SACRAMENTO -- Six hundred people from 70 different countries came together Wednesday to become American citizens.
Everyone at the naturalization ceremony has lived in the U.S. legally for at least three years, but even their time in the country has been as diverse as their backgrounds.
Originally from Tijuana, Refugio Acosta says in his three decades in this country he didn’t feel compelled to graduate from legal resident to citizen until last year.
"Lately, I don’t feel too much freedom, that’s why I decided to become a citizen to have more rights," Acosta said. "At the same time, you have more responsibilities to be a citizen, but I like it and I want to be part of that."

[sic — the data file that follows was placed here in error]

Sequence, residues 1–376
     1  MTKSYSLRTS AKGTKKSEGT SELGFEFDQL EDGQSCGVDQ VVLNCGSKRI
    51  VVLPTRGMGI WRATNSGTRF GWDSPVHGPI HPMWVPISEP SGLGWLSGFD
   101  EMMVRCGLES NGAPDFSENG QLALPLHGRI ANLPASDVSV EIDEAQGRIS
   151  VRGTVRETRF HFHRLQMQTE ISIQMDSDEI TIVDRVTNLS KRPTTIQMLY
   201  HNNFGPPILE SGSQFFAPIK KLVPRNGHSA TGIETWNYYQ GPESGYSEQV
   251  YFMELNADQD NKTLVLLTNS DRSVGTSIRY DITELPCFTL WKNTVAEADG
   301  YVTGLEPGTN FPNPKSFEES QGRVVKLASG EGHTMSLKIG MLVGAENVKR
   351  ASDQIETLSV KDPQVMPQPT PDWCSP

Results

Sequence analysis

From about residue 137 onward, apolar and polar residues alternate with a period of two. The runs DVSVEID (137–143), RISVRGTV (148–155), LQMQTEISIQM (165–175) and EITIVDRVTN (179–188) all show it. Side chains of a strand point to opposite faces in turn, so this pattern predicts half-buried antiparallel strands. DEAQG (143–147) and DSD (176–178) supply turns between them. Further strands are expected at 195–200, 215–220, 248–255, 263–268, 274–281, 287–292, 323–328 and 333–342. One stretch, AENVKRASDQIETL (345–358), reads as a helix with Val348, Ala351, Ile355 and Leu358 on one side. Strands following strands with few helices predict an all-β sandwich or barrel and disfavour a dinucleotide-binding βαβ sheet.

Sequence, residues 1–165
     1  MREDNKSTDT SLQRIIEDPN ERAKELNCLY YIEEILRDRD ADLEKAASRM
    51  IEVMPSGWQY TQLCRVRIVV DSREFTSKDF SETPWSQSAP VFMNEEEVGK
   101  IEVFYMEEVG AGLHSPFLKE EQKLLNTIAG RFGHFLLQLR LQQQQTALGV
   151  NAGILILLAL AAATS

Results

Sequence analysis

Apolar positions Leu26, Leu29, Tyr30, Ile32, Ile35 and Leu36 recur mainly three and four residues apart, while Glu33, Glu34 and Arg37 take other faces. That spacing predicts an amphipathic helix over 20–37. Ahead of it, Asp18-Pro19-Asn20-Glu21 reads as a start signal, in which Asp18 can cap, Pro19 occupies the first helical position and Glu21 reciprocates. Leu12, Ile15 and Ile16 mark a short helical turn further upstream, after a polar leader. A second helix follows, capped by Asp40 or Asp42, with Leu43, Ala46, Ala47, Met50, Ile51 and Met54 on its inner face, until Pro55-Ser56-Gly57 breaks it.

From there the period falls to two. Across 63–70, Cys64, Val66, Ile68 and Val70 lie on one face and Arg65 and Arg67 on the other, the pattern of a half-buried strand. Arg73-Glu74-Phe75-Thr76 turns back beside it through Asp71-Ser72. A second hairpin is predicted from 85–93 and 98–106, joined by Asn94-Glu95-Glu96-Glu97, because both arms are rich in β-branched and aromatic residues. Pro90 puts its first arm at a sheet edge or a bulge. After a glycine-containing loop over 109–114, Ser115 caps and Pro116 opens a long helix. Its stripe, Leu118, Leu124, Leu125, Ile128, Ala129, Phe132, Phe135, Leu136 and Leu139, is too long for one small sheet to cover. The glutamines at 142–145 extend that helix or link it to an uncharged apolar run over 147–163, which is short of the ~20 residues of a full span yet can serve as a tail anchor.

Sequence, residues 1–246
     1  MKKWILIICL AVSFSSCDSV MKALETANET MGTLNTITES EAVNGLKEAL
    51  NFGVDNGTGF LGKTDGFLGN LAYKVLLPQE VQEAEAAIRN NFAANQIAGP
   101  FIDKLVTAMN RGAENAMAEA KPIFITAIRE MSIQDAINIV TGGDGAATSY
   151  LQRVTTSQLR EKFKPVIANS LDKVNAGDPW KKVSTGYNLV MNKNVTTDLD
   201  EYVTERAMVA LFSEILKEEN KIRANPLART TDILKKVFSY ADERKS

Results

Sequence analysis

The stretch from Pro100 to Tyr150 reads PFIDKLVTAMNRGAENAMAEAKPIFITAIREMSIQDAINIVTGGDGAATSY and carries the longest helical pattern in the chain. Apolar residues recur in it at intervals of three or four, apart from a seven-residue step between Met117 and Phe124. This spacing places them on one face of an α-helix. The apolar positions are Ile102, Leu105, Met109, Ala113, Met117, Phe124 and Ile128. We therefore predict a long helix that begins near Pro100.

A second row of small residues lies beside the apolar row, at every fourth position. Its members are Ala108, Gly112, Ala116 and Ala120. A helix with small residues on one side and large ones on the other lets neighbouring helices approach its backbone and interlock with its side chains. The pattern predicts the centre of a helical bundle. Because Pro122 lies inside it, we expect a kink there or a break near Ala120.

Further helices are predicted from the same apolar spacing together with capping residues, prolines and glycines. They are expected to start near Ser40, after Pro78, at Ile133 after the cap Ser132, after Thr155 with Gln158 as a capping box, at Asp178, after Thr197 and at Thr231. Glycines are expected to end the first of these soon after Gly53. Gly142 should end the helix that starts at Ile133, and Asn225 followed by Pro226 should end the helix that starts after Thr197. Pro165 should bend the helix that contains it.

Acosta said his motivation was being able to vote.
It’s not lost on Acosta that the day he is able to officially have a say in the way the U.S. government works, the government isn’t working particularly well.
The root issue behind the longest partial government shutdown in U.S. history is the same reason for Wednesday's event -- immigration.
"(President Trump) is trying to protect U.S. citizens, you know, but at the same time you go too extreme," Acosta said.
But despite Acosta's frustration over a stalled government, he says he respects the separation of powers and even sees some value in divided government. But he thinks current leaders should do better.
"I want to see things change in favor of the people," he said.